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Economics explained


Inflation and deflation

The consequences of inflation

The consequences of inflation

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The consequences of inflation

A reduction in net exports:

If a country has a higher rate of inflation than its major trading partners, its exports will become relatively expensive and imports relatively cheap. As a result, the balance of trade will suffer, affecting employment in exporting industries and in industries producing import-substitutes. Eventually, the exchange rate will be affected.

An unplanned redistribution of income.

People on fixed incomes (such as students or pensioners) may find themselves worse off, as their income will not rise even though the cost of goods has increased.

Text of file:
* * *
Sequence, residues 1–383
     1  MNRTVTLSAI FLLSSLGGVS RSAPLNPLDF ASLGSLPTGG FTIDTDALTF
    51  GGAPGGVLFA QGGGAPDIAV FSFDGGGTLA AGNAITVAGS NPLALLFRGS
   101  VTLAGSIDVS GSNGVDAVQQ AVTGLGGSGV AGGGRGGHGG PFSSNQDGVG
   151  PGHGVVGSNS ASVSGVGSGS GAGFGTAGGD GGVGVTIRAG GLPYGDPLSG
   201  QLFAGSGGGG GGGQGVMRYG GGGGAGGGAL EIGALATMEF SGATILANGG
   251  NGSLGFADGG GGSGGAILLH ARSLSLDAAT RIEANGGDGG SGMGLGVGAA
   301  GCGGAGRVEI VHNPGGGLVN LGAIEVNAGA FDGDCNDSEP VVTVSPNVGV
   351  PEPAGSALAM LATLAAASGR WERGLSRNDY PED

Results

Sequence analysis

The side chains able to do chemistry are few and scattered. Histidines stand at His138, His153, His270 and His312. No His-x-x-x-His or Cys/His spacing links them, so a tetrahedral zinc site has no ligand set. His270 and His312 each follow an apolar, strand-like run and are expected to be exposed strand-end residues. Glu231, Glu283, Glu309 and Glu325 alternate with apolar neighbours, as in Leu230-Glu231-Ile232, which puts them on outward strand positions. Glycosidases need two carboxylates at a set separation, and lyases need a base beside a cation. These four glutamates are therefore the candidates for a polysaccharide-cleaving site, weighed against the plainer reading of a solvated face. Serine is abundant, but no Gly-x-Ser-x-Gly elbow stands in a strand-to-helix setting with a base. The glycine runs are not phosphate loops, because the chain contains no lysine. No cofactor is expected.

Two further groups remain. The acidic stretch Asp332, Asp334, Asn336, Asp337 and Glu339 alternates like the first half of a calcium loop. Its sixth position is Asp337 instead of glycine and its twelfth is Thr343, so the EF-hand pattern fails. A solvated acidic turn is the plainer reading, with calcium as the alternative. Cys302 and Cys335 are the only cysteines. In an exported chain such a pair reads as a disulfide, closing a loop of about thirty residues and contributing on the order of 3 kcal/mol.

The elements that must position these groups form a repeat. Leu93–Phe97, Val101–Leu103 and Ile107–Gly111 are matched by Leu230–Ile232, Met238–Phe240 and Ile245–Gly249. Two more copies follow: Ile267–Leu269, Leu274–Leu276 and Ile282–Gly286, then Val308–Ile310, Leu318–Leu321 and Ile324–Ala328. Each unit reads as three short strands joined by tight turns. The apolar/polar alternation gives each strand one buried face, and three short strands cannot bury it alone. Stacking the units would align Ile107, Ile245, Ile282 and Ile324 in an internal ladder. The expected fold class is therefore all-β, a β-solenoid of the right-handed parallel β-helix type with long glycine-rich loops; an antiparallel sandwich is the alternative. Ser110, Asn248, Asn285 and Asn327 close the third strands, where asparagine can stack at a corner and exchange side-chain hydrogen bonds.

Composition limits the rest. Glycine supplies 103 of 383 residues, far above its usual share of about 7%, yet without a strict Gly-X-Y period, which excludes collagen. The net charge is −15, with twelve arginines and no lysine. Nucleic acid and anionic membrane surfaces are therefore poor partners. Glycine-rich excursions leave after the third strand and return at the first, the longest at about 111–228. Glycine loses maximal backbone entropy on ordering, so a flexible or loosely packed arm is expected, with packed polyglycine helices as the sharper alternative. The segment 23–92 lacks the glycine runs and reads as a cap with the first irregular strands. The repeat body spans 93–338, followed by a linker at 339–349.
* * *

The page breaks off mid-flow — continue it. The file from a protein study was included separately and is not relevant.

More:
If the rate of interest does not rise in line with inflation, borrowers will gain and lenders (savers) will lose. This is because borrowers will pay back less in real terms and lenders will receive less.

Menu costs: Inflation impacts on the prices charged by firms.

Catalogues, price lists and menus have to be updated regularly and this is costly to businesses. Of course, workers also have to be paid for the time they take to reprice goods and services.

Shoe leather costs:

Inflation causes fluctuations in price levels, so customers spend more time searching for the best deals.

Fall in purchasing power.

As the cost of living increases, consumers need more money to buy the same amount of goods and services. Consumer confidence may be damaged due to uncertainty in the future prices of goods and services. Employees will push for higher pay rises, in order to match price rises.

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